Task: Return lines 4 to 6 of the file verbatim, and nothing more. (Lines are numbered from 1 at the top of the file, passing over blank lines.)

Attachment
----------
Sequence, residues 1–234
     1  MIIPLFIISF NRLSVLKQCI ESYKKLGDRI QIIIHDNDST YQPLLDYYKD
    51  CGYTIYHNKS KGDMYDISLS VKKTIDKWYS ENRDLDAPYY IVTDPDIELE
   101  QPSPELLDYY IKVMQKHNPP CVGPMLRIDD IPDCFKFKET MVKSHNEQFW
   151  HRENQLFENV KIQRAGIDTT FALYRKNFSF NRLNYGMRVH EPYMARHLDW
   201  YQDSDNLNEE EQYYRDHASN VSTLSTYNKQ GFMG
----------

   101  QPSPELLDYY IKVMQKHNPP CVGPMLRIDD IPDCFKFKET MVKSHNEQFW
   151  HRENQLFENV KIQRAGIDTT FALYRKNFSF NRLNYGMRVH EPYMARHLDW
   201  YQDSDNLNEE EQYYRDHASN VSTLSTYNKQ GFMG